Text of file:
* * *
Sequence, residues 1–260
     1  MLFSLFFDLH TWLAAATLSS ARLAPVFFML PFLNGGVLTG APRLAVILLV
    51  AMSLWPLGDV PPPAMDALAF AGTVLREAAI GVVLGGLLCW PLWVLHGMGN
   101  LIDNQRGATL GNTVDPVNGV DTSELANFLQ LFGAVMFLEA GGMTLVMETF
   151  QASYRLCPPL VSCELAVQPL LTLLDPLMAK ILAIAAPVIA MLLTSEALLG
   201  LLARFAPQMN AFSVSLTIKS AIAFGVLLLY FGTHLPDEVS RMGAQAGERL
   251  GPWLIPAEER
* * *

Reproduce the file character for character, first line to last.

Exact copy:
Sequence, residues 1–260
     1  MLFSLFFDLH TWLAAATLSS ARLAPVFFML PFLNGGVLTG APRLAVILLV
    51  AMSLWPLGDV PPPAMDALAF AGTVLREAAI GVVLGGLLCW PLWVLHGMGN
   101  LIDNQRGATL GNTVDPVNGV DTSELANFLQ LFGAVMFLEA GGMTLVMETF
   151  QASYRLCPPL VSCELAVQPL LTLLDPLMAK ILAIAAPVIA MLLTSEALLG
   201  LLARFAPQMN AFSVSLTIKS AIAFGVLLLY FGTHLPDEVS RMGAQAGERL
   251  GPWLIPAEER